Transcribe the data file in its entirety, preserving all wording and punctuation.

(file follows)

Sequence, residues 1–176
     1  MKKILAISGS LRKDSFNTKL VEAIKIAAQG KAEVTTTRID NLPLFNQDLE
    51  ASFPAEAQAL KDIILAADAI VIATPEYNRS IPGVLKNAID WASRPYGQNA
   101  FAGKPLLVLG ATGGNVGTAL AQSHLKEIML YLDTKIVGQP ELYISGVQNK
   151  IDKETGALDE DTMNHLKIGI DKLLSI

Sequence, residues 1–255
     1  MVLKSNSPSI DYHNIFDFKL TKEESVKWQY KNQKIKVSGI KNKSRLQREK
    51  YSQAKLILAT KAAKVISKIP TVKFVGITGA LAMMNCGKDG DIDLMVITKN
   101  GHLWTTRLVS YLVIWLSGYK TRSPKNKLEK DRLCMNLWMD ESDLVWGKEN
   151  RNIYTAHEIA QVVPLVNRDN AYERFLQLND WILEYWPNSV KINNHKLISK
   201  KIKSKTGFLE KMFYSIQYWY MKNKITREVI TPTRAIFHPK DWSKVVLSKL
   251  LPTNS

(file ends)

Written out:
Sequence, residues 1–176
     1  MKKILAISGS LRKDSFNTKL VEAIKIAAQG KAEVTTTRID NLPLFNQDLE
    51  ASFPAEAQAL KDIILAADAI VIATPEYNRS IPGVLKNAID WASRPYGQNA
   101  FAGKPLLVLG ATGGNVGTAL AQSHLKEIML YLDTKIVGQP ELYISGVQNK
   151  IDKETGALDE DTMNHLKIGI DKLLSI

Sequence, residues 1–255
     1  MVLKSNSPSI DYHNIFDFKL TKEESVKWQY KNQKIKVSGI KNKSRLQREK
    51  YSQAKLILAT KAAKVISKIP TVKFVGITGA LAMMNCGKDG DIDLMVITKN
   101  GHLWTTRLVS YLVIWLSGYK TRSPKNKLEK DRLCMNLWMD ESDLVWGKEN
   151  RNIYTAHEIA QVVPLVNRDN AYERFLQLND WILEYWPNSV KINNHKLISK
   201  KIKSKTGFLE KMFYSIQYWY MKNKITREVI TPTRAIFHPK DWSKVVLSKL
   251  LPTNS